A photograph is made of an infinite amount of points of light. Where the points are small and packed tightly together the image is sharp. Where the points are large and loosely packed the image is not sharp.

When purchasing a lens we always think about the sharpness of the image it will produce. What is equally important is how the lens renders the out of focus areas in the photo. The Quality of the out of focus is referred to as Bokeh. (Pronounced bo-keh ). This is Japanese for “senile” or “touched in the head” or “fuzzy”.



Photo 1. I focused on a nearby object and then aimed the camera at the Christmas tree. The lights on the tree are so out of focus they are blurred. In this case the circles are perfectly round so this lens has good bokeh. It is a superior lens. Had the circles been egg shaped or octagon or pentagon in shape you would have bad bokeh or an inferior lens. This photo was taken with a $99 lens. Technology has made quality cheap.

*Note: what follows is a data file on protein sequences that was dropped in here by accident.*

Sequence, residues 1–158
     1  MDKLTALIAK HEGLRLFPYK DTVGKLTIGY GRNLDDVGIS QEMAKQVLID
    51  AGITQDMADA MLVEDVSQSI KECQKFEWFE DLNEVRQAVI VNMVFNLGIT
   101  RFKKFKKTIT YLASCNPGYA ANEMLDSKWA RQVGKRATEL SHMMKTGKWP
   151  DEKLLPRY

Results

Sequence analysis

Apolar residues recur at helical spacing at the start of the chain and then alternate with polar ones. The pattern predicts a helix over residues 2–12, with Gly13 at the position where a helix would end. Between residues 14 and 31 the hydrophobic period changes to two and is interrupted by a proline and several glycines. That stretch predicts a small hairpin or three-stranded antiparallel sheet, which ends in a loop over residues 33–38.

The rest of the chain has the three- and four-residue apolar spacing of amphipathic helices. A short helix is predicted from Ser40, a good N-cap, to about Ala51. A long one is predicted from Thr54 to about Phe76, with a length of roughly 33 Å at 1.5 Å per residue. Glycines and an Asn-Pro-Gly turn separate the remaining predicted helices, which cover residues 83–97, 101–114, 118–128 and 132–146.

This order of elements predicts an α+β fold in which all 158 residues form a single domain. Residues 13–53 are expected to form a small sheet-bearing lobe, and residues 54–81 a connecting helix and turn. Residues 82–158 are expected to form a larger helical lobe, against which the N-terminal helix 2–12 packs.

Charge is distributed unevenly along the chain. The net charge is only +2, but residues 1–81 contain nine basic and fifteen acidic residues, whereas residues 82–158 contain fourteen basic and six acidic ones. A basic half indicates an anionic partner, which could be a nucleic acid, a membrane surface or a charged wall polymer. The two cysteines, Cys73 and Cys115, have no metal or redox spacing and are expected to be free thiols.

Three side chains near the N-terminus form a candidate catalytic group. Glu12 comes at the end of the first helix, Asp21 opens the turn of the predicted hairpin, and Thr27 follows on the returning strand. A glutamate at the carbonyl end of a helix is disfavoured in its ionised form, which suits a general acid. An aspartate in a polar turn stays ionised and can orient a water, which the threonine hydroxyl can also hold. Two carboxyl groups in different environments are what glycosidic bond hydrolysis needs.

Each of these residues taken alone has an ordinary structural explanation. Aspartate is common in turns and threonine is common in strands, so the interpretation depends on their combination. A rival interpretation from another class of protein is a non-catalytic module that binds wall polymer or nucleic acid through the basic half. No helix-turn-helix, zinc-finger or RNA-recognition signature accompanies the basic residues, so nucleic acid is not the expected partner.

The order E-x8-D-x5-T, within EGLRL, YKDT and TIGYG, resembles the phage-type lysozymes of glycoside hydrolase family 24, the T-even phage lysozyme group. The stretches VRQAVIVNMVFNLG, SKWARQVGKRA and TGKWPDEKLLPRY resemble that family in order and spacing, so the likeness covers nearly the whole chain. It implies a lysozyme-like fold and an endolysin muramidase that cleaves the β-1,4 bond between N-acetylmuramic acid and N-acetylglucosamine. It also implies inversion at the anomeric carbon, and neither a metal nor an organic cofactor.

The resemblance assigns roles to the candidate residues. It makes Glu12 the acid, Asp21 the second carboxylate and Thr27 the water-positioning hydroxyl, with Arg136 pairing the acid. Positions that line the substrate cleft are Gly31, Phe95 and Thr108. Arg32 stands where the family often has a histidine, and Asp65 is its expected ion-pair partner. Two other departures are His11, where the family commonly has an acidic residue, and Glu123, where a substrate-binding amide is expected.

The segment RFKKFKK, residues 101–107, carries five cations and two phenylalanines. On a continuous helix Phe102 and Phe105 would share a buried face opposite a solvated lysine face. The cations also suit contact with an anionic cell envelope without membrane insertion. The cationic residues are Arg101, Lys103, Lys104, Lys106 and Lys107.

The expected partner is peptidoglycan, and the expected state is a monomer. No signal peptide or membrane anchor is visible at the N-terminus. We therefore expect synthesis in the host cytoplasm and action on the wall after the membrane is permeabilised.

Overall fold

Photo2 and 3. You can change the size of the circles or Bokeh by the distance, lens, and lens opening (f/stop).



Photo 4. So what can you do with this knowledge? You can do some really creative and abstract photos. Here is a photo of the out of focus Christmas tree.



Photo5. Put your shutter at about a 30th of a second and Zoom out as you snap the photo.



Photo 6. I put Christmas lights on a wall about 8 feet away from the bottle and focused on the bottle.




Photo7 and 8. I look for points of light in my portraits to make an interesting backdrop.



Photo 9. At night is where you’ll have the greatest opportunity.


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